Review of "Doctor Sleep” by The Headless Critic
Doctor Sleep – 2019
Production by: Warner Bros., Intrepid Pictures, Vertigo Entertainment
Distribution by: Warner Bros.
When he was five years old Danny Torrance (Roger Dale Floyd) and his parents Jack (Henry Thomas) and Wendy (Alex Essoe) stepped inside the Overlook Hotel in the isolated mountainous region of Colorado. The spirits that lived in the Overlook only let two of them leave. A man young Danny met when he arrived at the Overlook Dick (Carl Lumbly) had a gift similar to Danny’s. The two formed a bond being able to talk to each other in their minds without speaking a word. Dick called this power the shining. Nearly forty years later an adult Dan Torrance (Ewan McGregor) used what Dick taught him about his abilities to lock away the spirits that took his father and followed him home from the Overlook Hotel. Though he battled alcoholism for years much like his father, Dan has finally learned to live with his abilities to see dead people in the best way he knows how. He’s kept his head down and his ability quiet and built a nice little life for himself in the furthest northeast region of the United States. As far away from that evil hotel as he can get.
Somewhere south a tribe of people, well they’re not really people; they call themselves The True Knot. They travel the country in search of food. They’ve been travelling the roads for centuries. The sustenance they seek isn’t plant or animal, they feed on the steam inside humans with special abilities. They mostly feed on children because children are easily captured and easily scared. Pain and fear make even more steam for them to feed on. Eat well, live long. These near immortals take the lives of gifted people to extend their own existence. The leader of The True Knot Rose the Hat (Rebecca Ferguson) has sensed a powerful child somewhere in the northeast. Young Abra Stone (Kyliegh Curran) is what they call a whale. Her power, her steam is so strong it's unlike any other. They haven’t fed on someone like her in decades. Abra’s been talking to her new friend Uncle Dan for years now. She’s never met him though. They only speak to each other from a great distance in their minds. Trouble is coming for Abra but Danny Torrance has faced trouble before and he can face it again.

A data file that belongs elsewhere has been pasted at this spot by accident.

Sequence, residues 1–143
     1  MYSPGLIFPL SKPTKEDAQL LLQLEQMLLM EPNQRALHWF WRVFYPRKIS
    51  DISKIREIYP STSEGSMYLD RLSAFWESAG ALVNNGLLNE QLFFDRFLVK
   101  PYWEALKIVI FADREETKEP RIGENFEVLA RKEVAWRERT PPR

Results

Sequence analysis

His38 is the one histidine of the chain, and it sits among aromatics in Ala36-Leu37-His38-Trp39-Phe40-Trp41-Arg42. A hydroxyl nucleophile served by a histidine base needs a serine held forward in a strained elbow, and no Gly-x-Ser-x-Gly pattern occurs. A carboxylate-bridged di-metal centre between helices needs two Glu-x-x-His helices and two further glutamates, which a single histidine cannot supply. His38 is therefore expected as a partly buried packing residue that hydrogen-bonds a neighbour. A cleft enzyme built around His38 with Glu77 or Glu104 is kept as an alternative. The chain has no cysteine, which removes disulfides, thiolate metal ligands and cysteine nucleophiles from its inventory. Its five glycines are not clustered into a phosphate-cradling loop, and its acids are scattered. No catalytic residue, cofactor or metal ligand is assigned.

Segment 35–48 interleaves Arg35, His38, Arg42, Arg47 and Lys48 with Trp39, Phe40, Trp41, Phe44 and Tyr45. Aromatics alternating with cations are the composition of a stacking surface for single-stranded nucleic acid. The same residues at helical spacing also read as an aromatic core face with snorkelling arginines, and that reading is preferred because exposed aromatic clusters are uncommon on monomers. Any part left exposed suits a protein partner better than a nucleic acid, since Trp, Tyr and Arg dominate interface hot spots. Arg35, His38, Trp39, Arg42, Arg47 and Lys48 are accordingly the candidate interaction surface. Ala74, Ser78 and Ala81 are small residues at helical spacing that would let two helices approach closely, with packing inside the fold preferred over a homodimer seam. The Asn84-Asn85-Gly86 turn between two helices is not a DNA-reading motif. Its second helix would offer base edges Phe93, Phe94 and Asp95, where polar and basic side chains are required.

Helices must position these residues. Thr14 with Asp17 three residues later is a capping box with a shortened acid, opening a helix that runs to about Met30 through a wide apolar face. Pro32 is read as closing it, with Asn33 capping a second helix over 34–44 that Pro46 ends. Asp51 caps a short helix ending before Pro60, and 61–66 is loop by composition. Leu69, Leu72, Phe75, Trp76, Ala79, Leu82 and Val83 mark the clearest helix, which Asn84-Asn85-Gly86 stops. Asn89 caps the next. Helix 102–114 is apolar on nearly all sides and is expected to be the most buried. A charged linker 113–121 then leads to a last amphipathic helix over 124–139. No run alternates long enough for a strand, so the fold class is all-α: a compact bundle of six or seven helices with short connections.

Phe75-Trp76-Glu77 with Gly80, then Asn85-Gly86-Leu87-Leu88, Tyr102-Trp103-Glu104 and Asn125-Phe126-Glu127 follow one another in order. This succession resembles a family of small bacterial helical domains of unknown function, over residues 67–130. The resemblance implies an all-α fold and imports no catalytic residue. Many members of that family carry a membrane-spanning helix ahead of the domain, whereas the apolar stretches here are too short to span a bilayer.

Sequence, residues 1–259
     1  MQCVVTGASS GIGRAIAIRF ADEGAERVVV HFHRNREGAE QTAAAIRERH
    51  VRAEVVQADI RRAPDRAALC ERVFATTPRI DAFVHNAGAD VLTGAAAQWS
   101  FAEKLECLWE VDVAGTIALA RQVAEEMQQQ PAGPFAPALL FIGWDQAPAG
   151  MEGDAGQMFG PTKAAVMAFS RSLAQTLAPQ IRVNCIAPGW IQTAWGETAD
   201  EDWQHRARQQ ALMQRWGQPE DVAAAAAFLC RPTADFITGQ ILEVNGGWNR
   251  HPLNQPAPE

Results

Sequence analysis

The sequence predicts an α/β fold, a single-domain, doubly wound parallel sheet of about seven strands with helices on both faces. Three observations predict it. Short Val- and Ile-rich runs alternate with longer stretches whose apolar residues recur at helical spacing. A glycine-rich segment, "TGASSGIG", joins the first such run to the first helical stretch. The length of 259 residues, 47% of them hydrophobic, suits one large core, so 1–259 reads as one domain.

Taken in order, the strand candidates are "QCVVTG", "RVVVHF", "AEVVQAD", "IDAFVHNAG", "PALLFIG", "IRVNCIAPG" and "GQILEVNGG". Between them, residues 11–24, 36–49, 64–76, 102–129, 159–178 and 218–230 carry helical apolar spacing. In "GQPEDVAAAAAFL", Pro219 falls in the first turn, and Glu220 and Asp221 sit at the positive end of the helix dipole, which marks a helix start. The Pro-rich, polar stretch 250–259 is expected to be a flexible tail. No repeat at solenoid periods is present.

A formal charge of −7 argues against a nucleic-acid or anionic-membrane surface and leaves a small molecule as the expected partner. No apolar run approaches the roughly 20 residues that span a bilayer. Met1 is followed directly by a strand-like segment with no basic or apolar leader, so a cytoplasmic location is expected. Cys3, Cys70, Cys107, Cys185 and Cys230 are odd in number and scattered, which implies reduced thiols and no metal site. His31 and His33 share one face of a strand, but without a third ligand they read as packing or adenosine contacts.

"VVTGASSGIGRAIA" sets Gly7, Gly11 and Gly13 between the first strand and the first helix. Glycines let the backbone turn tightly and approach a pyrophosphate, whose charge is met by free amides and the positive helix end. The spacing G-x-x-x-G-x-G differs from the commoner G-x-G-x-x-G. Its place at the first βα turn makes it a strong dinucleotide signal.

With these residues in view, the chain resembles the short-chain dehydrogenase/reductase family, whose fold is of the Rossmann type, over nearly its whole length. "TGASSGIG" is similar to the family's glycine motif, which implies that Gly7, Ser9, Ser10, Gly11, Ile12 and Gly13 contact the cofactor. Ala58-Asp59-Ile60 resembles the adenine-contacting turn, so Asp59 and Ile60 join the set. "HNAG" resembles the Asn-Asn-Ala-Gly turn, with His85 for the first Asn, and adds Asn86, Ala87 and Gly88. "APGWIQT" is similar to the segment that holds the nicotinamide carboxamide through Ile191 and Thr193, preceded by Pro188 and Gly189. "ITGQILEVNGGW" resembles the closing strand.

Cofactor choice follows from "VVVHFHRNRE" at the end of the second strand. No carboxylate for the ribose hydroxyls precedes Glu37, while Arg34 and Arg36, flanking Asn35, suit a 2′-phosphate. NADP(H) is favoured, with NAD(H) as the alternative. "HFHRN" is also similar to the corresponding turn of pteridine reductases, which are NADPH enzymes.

1922 director Mike Flanagan tackles his second Stephen King story turning it into an original first time film. Unlike 1922 this King tale has a predecessor in Stanley Kubrick’s iconic The Shining. Kubrick drifted away from the 1977 King novel in his 1980 film that’s now become a classic in every Cinephiles mind. Flanagan is left to connect a sequel to a novel to a movie left in audiences minds. A task similar to what Ridley Scott attempted when author Thomas Harris wrote an ending to Hannibal to piss off Hollywood filmmakers because if he didn't write another novel they were going to make a film about his characters without him. A hotel burned down in one universe that survives in another. Characters are forgotten, rewritten and resurrected from book to film. It’s rare to film a movie adaptation that doesn’t take liberties with the source material and Mike Flanagan tries to please them all losing a little of the heart of the origins in the process but that's made more relatable to those who've only seen the film.